Dannon plans to return Oikos brand to Super Bowl advertising.Continue reading...
Posted by Dale Buss on August 27, 2013 06:16 PM
RadioShack is bidding to renew its relevance in a fresh way this week, offering a "cord-cutting" deal on high-definition digital TV antennas to the millions of consumers in some major national markets that have been blacked out of CBS in the network's continuing deadlock with Time Warner Cable.
Under new management and in an attempt to begin rolling back a long tide of red ink, Radio Shack has turned toward a new logo, new slogan ("Let's Play"), new store concept and new positioning that recasts the brand as an even better digital playground for Millennials than their local Verizon Wireless or AT&T store. At the same time, RadioShack says it wants to fortify the loyalty of its traditional audience of electronics hobbyists.
The brand's new promotion ratchets up RadioShack's immediacy a few notches. Saying it makes "cutting the cable" convenient and easy, the company is offering a 25 percent discount on its best-selling HDTV antenna in areas affected by the blackout, through September 7.Continue reading...
Posted by Dale Buss on August 27, 2013 09:27 AM
Bill Ackman gives up stake in JCPenney.
Samsung confirms Galaxy Gear Smartwatch for Sept. 4.
Billabong reports record loss and writes down value of brands.
Adobe has some bold plans for online ad business.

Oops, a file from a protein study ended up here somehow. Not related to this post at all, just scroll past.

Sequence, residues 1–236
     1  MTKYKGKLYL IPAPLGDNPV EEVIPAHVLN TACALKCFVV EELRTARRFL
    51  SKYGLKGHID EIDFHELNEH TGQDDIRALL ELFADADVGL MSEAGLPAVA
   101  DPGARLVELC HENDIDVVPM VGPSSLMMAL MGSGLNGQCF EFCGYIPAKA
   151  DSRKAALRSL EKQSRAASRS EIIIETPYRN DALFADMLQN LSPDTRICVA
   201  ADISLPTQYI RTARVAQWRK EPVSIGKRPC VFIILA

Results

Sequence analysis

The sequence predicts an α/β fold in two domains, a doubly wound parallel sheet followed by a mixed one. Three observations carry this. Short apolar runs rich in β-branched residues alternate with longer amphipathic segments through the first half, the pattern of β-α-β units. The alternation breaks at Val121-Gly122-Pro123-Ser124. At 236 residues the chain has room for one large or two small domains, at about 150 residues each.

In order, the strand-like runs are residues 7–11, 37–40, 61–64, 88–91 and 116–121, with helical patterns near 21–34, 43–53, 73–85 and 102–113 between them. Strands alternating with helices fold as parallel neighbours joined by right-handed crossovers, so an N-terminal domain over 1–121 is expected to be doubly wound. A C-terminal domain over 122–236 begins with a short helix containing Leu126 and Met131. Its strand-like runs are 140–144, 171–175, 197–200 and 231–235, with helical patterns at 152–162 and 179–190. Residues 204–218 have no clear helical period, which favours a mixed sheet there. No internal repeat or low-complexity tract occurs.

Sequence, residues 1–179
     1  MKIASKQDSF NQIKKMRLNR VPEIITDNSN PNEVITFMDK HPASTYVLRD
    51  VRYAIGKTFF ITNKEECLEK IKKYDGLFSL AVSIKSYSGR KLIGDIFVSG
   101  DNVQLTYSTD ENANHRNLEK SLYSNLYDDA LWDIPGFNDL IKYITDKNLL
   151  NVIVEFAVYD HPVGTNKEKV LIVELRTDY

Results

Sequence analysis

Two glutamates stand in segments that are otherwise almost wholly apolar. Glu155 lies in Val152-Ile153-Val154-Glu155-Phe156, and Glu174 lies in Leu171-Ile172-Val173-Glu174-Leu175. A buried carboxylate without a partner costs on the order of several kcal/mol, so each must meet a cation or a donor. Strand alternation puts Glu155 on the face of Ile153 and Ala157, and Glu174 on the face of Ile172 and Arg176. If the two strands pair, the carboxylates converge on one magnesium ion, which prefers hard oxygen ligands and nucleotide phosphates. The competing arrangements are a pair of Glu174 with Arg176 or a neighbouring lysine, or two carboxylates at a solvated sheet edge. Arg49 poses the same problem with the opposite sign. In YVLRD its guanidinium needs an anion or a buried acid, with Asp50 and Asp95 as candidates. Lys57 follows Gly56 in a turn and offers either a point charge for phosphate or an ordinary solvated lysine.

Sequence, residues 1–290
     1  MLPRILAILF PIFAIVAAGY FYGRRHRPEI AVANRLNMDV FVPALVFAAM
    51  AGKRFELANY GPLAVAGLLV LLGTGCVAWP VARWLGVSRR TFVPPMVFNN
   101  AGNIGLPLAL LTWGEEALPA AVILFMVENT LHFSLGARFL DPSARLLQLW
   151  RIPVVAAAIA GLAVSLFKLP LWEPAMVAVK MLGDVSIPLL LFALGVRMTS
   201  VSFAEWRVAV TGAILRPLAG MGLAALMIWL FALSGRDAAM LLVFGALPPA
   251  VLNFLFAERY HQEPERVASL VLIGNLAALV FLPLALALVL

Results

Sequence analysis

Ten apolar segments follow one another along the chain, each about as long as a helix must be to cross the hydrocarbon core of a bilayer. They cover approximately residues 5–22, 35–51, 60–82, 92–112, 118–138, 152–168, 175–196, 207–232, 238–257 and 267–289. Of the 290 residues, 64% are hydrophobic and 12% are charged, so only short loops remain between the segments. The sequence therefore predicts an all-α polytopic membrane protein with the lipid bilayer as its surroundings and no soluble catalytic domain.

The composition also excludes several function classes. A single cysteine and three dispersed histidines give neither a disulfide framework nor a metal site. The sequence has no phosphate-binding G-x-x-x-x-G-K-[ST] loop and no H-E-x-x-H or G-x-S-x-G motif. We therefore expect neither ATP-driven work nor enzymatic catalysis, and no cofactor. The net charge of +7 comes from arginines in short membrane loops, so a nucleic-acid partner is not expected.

Amazon exposes cloud's dark lining with weekend outage.
Apple plans to launch trade-in program for iPhone, report says.
AT&T sees its commercial straight man leap to Saturday Night Live.
Best Buy will see founder unload some of his shares this year.
Chevrolet does deal with University of Texas Longhorns for Silverado.
Cracker Barrel revamps menu with lighter dishes and rejects activist investor's third attempt to join its board.
Ford ramps up output of Fusion to challenge Toyota's Camry.Continue reading...
Posted by Dale Buss on August 26, 2013 09:18 AM
Turner Broadcasting turns attention to 'Upwave' wellness network.
American Express ranks highest in credit-card customer satisfaction.
Toyota hustles to remedy low crash ratings.
Amgen buys Onyx for $10 billion in cancer drug play.
Duck Dynasty's calculated push into entertainment has turned out well.
ESPN returns Keith Olbermann today.
Facebook opts to dump physical gifts from platform.
GM eyes diesel option for new Colorado and Canyon light pickups and pays to make dealers' web sites better.